Methods and analysis

Study aims

The primary aim is to characterise and evaluate longitudinal changes in the multidimensional biopsychosocial pain profiles of people living with obesity attending WMS.

The secondary aims are to:

  • Characterise the baseline multidimensional biopsychosocial pain profiles of people living with obesity and attending WMS.

  • Compare the pain profiles of participants undergoing different interventions, that is, behavioural, pharmacological and surgical weight-related interventions.

  • Investigate the association between baseline pain profiles and changes, if any, in pain intensity during and after different types of treatment interventions.

  • Estimate the baseline prevalence of an assumed dominance of nociplastic pain.

  • Estimate the baseline prevalence of an assumed dominance of neuropathic pain.

  • Estimate the baseline prevalence of pain catastrophisation and other outcomes outlined below (such as kinesiophobia, disability and degree of self-efficacy).

The exploratory aims are to:

  • Investigate potential interactions between the various dimensions of pain and if and how they impact on pain severity.

  • Assess for the presence and nature of different pain trajectories.

Study design and setting

This inception cohort study will employ a prospective, observational, longitudinal design.

The research team comprises of academic and/or clinical physiotherapists (KMS, CD, NSH, CB, CG, CMD, BMF, GO’D), consultant physicians in endocrinology (JO’C and FMF) and chemical pathology (CWLR) and two ‘Patient Insight Partners’.

Participants will be recruited from three specialist WMSs in Ireland. The WMS at St Columcille’s Hospital, Dublin is a national, publicly funded adult outpatient service based in a secondary care setting. Referrals are accepted from primary and secondary care; referral criteria are (1) a BMI of ≥40 kg/m² or (2) a BMI of ≥35 kg/m² with a significant comorbidity. People attending the service engage in behavioural, pharmacological and/or surgical interventions provided by an MDT comprising a dietitian, physiotherapist, psychologist, occupational therapist, obesity nurse specialist, bariatric surgeons and bariatric physicians/endocrinologists.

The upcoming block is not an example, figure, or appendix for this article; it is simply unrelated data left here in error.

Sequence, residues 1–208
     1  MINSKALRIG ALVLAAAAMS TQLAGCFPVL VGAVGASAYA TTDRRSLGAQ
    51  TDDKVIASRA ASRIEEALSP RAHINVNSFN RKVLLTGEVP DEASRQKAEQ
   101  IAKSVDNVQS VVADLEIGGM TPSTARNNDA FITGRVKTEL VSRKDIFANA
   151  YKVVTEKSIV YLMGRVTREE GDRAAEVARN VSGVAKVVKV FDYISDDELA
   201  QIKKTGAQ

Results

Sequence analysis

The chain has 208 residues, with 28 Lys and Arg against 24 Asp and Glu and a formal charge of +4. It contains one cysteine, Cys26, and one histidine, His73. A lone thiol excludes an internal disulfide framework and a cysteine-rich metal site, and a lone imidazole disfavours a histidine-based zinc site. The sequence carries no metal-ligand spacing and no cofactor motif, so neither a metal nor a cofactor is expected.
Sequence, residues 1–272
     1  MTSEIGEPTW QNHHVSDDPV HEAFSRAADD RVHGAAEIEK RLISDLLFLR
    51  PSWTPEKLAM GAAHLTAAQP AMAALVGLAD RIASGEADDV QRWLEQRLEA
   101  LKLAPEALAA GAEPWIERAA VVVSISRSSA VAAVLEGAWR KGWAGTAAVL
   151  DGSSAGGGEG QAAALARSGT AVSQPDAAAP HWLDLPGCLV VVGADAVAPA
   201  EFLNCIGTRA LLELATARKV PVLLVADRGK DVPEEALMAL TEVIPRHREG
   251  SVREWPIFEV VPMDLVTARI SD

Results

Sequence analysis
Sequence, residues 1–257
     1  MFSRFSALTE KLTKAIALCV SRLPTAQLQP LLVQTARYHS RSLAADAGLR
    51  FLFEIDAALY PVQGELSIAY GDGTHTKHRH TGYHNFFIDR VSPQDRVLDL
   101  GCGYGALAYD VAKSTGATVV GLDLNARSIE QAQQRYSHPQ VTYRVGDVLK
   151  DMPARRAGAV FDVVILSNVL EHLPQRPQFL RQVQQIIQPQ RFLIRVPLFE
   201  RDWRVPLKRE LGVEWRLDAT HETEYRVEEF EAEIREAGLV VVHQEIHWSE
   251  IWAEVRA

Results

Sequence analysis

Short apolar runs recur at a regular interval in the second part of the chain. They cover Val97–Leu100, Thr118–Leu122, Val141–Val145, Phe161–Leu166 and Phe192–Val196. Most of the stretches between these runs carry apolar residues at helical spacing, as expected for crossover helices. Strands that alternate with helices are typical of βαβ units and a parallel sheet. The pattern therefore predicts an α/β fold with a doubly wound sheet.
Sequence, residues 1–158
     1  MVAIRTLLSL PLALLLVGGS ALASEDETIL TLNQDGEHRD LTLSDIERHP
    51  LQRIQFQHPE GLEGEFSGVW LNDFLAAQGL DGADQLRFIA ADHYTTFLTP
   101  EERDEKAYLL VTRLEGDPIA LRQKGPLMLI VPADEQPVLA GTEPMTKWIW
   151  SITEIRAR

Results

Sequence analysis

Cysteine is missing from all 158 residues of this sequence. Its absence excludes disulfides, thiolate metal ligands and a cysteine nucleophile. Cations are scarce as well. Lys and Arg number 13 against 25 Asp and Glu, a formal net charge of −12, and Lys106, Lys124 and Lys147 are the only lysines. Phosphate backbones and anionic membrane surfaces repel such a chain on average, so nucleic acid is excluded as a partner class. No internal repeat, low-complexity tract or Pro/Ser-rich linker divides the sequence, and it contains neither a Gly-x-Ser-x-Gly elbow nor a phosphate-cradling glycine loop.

The Bariatric Clinic at St Vincent’s Private Hospital is a consultant-led private WMS in Dublin, run by St Vincent’s Healthcare Group, a private limited company with charitable status. Referrals are accepted from primary and secondary care. People attending the service are managed with behavioural, pharmacological and/or surgical interventions provided by an MDT of dietitians, nutritionists, psychologists, physiotherapists, surgeons and physicians.

The Bariatric Medicine Service at Galway University Hospitals is a publicly funded adult outpatient service based in Galway, which accepts referrals for patients based in the West of Ireland. This service provides consultant-led MDT-based care, with referral criteria similar to that of St Columcille’s Hospital. Referrals are also accepted from primary and secondary care and members of the MDT include a physician, nurse, psychologist, surgeon, anaesthetist and healthcare assistant. Access to dietetic and physiotherapy components of the service is delivered in a local commissioned structured lifestyle programme.

Participants and recruitment

Eligible participants include adults aged ≥18 years of age who are new patients attending a WMS for the first time as a ‘new patient’ and who can read and understand English. Exclusion criteria include those with cognitive conditions interfering with the ability to fully consent and those who decline to participate. We aim to recruit a sample of participants that reflects the heterogeneity of this patient population. Ethnicity will be self-identified by each participant, within the options of white, black, Arabic, Asian or other (with the option of providing more information). This data will be collected using a sociodemographic questionnaire, to be completed at the same time of completion of the outcome measures.